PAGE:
What is in Polystyrene Packaging?
Hailed as the undisputed leader of packaging for decades, we are all familiar with polystyrene to some extent. With everyday uses ranging from food packaging to construction, we take a look at what this wonder product is made of and what kind of role it has in the packaging sector of the future.
What is Polystyrene?
Far from an eco-solution, polystyrene is made from petrochemicals. It comes in three main types: polystyrene foam, polystyrene plastic and polystyrene film, among others. In the construction industry, expanded polystyrene (EPS) and extruded polystyrene (XPS) are both commonly used. While XPS is a high-density foam used in architectural models, EPS covers the most well-known and widely used polystyrene products such as Styrofoam and packing peanuts.
How is Polystyrene Used?
Polystyrene is most beneficial when used as a foam but also offers a broad range of classic plastic applications too. Most of us are familiar with clear polystyrene food containers, drinks cups with lids, plates, bowls, cutlery, and straws. Solid Polystyrene is all around us, from medical device applications such as petri dishes and test tubes to everyday items such as smoke detector coverings, food storage receptacles and makeup containers. The Styrofoam form of Polystyrene is commonly used to make plates, bowls, insulated cups, trays and a wide range of packaging materials. The packing of a laptop or a new television, for example, will almost definitely have involved the use of a custom-made Styrofoam casing. Styrofoam packing “peanuts” are also commonly used as a filler for various little items that need to be carried from time to time. Styrofoam may also be used in the production of “to-go” containers and throwaway tableware.
Why is Polystyrene Being Phased Out?
Owing to its seemingly safe and odourless qualities, the use of Polystyrene has been the top choice in food packaging for decades. However, research has shown the “potential health consequences” from using polystyrene foam for food packaging due to production and the way it behaves: Polystyrene has been shown to leach chemicals into the very food and drink it is designed to protect. In addition to this, it is flammable and – like other materials when burned – released carbon dioxide, carbon monoxide, toxic chemicals and smoke into the atmosphere. More specifically, burning Styrofoam can damage the nervous system and lungs. As well as human health concerns, the substance is a source of contention among environmental groups: polystyrene takes decades to degrade, is increasingly prevalent in outdoor waste and – in foam form – is a pollutant of our waterways and seas. Pieces of Styrofoam can be mistaken for food and ingested by both domestic and wild animals, ultimately leading to their death.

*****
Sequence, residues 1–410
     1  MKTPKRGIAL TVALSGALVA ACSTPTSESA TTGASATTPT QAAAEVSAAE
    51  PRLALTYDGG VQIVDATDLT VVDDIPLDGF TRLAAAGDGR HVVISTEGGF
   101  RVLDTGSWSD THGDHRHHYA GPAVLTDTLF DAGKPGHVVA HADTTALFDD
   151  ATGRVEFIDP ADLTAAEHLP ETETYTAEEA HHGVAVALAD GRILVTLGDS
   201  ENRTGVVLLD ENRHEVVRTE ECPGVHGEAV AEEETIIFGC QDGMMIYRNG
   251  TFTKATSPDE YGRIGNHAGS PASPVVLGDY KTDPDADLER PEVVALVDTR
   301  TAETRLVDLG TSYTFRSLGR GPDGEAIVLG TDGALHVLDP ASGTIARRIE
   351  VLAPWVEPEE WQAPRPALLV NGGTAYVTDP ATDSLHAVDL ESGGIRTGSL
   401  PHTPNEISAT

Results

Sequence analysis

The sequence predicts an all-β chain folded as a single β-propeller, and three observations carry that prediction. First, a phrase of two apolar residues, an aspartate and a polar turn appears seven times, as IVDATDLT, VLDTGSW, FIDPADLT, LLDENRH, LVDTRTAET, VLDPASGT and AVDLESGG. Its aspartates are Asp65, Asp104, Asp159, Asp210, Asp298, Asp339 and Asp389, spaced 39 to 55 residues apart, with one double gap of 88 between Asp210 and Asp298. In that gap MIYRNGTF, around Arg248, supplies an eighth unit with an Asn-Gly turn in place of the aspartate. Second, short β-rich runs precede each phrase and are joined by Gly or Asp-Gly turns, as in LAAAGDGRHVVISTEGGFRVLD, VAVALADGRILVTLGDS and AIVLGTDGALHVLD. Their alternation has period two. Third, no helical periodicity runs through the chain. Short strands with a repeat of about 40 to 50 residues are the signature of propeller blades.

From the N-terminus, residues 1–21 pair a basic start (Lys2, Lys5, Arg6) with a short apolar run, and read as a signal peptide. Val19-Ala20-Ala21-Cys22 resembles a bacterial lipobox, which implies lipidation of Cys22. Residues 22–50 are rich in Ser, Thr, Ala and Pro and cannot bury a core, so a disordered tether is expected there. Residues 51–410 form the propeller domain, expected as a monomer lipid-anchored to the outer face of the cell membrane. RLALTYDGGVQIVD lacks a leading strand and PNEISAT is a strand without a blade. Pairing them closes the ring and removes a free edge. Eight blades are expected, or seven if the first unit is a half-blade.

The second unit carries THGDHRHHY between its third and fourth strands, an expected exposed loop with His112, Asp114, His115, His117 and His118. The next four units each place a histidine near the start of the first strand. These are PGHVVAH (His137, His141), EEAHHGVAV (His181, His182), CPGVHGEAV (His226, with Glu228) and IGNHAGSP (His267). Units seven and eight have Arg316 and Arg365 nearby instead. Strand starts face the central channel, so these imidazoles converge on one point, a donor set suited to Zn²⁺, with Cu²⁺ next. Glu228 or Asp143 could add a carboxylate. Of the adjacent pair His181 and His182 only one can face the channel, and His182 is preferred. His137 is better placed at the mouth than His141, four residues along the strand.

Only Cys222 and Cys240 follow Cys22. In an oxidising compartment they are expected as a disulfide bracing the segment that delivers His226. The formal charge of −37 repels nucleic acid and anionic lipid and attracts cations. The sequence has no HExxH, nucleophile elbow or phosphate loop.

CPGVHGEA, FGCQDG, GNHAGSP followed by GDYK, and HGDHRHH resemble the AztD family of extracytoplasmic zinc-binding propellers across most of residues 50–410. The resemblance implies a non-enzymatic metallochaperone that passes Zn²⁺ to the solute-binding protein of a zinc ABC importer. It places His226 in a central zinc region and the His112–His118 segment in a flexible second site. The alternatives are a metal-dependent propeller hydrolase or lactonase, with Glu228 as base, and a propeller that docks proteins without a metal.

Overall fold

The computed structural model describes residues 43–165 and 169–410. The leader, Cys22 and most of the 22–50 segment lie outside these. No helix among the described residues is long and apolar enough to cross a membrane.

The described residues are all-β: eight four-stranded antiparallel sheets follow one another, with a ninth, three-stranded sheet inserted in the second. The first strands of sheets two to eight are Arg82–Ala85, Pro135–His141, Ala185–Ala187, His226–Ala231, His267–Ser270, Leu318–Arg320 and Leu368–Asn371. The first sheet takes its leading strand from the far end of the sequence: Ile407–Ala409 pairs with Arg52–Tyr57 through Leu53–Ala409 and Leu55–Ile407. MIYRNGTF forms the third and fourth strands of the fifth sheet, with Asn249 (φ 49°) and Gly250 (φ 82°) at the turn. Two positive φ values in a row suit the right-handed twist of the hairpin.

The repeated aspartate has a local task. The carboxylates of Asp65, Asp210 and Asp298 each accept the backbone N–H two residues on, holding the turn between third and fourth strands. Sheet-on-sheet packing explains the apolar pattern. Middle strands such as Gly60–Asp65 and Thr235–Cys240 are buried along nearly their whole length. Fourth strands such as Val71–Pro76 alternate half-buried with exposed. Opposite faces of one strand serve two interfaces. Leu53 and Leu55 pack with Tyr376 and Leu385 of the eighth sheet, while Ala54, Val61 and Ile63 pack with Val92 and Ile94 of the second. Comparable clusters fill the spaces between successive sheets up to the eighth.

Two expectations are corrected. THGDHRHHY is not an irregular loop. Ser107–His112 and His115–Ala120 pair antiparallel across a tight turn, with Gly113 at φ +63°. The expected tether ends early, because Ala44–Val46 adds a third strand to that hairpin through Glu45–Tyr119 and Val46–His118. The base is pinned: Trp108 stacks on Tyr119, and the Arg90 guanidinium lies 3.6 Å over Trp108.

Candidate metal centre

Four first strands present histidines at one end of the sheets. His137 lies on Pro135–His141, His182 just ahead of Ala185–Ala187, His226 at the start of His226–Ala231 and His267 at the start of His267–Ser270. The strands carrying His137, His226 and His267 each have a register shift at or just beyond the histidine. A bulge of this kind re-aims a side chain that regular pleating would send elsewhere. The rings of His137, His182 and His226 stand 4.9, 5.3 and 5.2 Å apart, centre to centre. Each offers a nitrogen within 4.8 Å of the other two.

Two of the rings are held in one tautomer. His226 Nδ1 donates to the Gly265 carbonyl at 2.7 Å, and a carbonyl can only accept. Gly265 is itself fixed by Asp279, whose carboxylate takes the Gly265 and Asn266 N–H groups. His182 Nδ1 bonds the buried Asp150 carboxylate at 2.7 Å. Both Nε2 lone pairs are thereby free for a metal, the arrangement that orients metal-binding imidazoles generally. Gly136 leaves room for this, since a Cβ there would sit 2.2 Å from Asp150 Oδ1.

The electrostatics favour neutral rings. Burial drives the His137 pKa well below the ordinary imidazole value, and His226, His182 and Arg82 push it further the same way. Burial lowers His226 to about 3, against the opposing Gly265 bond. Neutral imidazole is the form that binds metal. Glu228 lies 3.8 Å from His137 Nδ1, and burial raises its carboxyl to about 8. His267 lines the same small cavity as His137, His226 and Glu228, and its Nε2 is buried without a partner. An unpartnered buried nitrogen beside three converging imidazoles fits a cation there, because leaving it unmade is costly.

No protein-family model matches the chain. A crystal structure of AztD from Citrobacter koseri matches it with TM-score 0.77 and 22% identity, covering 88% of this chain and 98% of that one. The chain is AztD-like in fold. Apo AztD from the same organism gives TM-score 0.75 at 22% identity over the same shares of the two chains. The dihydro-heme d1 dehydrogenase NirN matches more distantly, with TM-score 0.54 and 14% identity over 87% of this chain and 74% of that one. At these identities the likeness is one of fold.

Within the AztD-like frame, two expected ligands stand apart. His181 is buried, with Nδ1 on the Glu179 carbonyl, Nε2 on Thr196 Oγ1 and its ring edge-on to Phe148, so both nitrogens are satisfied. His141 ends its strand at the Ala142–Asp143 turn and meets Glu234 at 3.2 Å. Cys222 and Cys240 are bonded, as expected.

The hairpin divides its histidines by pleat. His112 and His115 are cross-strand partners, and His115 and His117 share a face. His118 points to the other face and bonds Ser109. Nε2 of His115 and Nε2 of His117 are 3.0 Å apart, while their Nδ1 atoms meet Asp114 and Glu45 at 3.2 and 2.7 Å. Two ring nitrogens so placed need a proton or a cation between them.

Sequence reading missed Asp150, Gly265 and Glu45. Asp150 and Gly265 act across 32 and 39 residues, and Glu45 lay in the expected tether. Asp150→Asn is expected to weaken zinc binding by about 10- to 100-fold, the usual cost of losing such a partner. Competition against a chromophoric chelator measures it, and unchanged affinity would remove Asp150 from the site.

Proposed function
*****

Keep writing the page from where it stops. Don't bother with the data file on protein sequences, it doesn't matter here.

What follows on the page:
Aside from the fact that it doesn’t decompose, polystyrene simply breaks down into smaller pieces known as ‘microplastics’ which litter the world and smother ocean food supplies. These pose enormous long-term harm; because of their persistence and incapacity to be removed, microplastics will linger in our oceans, land and air for an infinite period of time. These toxic substances have even been found in samples of human placenta, polluting even the most intimate areas of life itself. All because of conventional packaging.
What are the alternatives to Polystyrene?
The days of polystyrene are numbered and there is a whole host of eco-alternatives offering packing solutions without a cost to human health or the environment we live in. According to Massgreen.org, greener alternatives to polystyrene for packaging can be found across the sector. In an effort to reduce trash and promote a healthy environment, numerous Styrofoam substitutes have been created as long-term replacements. There is recycled foam, corn-based packaging, moulded fibre, moulded pulp, biodegradable foam and even starch-based loose-fill materials which are made from crops such as corn, grain sorghum and other grains.
While polystyrene can be cost-effective, widely available and versatile, the material is also well-known for its negative impact on the environment. Polystyrene is difficult to degrade after it has been disposed of, resulting in an accumulation of harmful waste in the world’s oceans and landfills. With superior quality and ample choice offered by eco-packaging specialists, it’s difficult to see a place or justification for polystyrene in the marketplace of tomorrow. Head over to our shop to view our full range of eco-friendly polystyrene alternatives for packaging your products.